• Freedom at midnight, Tapan Mozumdar


    Just a good life for his son, that’s all Shyamnath wanted. At least that’s what the fifty-two year old circle inspector of the city municipality would like people to bel […]

    • Tricky topic to write about, so good job doing it well. All the stuff about bribes, councils and so on felt a little above my paygrade. I had no trouble following it (just didn’t care about it), I guess you wanted to show what his father was doing to give his son something he didn’t want. The wife felt very weak as a person, and I suspect the father is very domineering. So many layers happening in this story.
      I can never understand why parents can’t just let their kids enjoy life and do what they want. As a parent your only job is to leave good memories for you kids (a quote from a movie). Not drive them away.
      Nice one, that’s the second story this month dealing with suicide under the freedom prompt. 😉
      Question: How does the astronaut image relate to this story? Or did you upload the wrong file… 😉 Or did I miss something.

    • I enjoyed your writing style here, the phrasing of your narrative. I agree with Michael that you could tighten up on the bribery end of the story. I liked how you show the mother speaking with a neighbor through the window, how you have her self-isolated from both father and son.I would live to know more about the son, more about the writing with bubbles – what is sketched there? I love these lines: ‘Freedom is costly,’ a character was saying. ‘If you can’t buy it,’ said another, ‘then steal.’
      Is this a standalone or the start if something larger? Either well, a great read.

    • Such a tragic story and not the ending I expected. The astronaut image sort of fooled me into thinking the son had either been abducted by aliens or run away to pursue another career path altogether.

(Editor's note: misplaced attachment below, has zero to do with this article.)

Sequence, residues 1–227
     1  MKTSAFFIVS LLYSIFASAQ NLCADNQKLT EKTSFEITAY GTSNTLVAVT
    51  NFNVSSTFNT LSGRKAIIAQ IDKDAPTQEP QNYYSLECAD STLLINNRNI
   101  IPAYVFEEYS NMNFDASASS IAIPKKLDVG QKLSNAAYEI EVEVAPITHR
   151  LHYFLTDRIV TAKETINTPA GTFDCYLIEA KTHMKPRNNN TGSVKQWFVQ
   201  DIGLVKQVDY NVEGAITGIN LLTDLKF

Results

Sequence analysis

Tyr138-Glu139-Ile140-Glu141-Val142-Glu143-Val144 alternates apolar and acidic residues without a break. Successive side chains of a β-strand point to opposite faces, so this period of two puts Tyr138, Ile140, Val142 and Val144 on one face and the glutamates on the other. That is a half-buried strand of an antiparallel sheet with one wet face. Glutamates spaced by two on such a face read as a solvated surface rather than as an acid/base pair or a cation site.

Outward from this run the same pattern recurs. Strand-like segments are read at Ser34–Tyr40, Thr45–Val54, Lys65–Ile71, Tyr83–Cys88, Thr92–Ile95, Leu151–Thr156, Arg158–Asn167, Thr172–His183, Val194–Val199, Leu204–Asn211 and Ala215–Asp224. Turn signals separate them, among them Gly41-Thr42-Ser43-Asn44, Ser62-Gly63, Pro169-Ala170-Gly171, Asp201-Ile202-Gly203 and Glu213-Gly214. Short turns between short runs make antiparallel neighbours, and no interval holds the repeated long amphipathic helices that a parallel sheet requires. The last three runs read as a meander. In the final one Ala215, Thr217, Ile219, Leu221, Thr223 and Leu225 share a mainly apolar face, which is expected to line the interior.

I think a small reference to the argument could have been mentioned earlier = something like ‘He was on familiar territory now, bargaining with clients, sidestepping their every move. If only the same could have been said during his argument with his son earlier that evening…’ that kind of thing.
      Your style of writing reminds me of an excellent author of years gone by – but I’m afraid I can’t bring the name to mind – I remember reading one of his short stories about a man with one of the fatal gastro-intestinal diseases watching a tiger drinking from a stream. Maybe you know who I mean….
      The use of the prompt is very good and quite subtle when I think back to the scribbled words in the notebook. I liked the title too.

  • Dear Jan

    I liked the world building and vulnerability of the characters which are mighty otherwise. As I have not read the preceding tales, it was not easy for me to place them in the world they are in. I will wait for this to be built up into a novel and enjoy the credible images you create through your words. All the best!

  • The story is well crafted. It follows all rules of a good story, well etched characters, interesting settings and a twist in the hand. The concept of a hunter head-hunting a professional to put her career at jeopardy, though, seems stretched. If a motive of Chuck to hunt the protagonist down and spoil her career through two things she can’t…[Read more]

  • “Didn’t occur to them they’re not identical and are opposite genders.” A gem of a line in its unraveling of mundane into funny.
    Enough has been written above this story. I will not add. This story can feature in a story writing class as it has everything right. Almost copybook in its structure (start to evoke curiosity, middle to settle with a…[Read more]

  • Dear Nina

    I liked the scene unfolding like an episode of a long web series. It sure has that potential. Use of store is creative and unexpected. Orphaned Soshona is portrayed well. I hope it becomes a longer and complete story on its now (sans the prompts). Thanks for sharing. It was quite educative for me.

  • Mucho gracias, Jan, to come back and read my story. I am glad that my words could speak to you

  • Thanks for reading it June. I am sorry that my intent couldn’t reach you